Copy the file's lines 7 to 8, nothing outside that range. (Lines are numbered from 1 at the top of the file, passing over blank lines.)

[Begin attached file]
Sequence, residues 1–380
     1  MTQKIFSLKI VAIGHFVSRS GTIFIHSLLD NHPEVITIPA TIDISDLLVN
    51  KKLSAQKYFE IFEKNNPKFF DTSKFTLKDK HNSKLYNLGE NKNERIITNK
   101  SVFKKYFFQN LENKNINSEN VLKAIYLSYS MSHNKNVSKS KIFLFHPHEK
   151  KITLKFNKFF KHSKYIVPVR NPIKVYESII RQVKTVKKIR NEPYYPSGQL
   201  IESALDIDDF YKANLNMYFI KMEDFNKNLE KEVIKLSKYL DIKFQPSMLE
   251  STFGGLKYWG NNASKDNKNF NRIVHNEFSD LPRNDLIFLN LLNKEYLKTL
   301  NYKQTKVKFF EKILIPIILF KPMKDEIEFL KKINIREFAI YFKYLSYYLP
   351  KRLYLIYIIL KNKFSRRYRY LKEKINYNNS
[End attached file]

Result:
   251  STFGGLKYWG NNASKDNKNF NRIVHNEFSD LPRNDLIFLN LLNKEYLKTL
   301  NYKQTKVKFF EKILIPIILF KPMKDEIEFL KKINIREFAI YFKYLSYYLP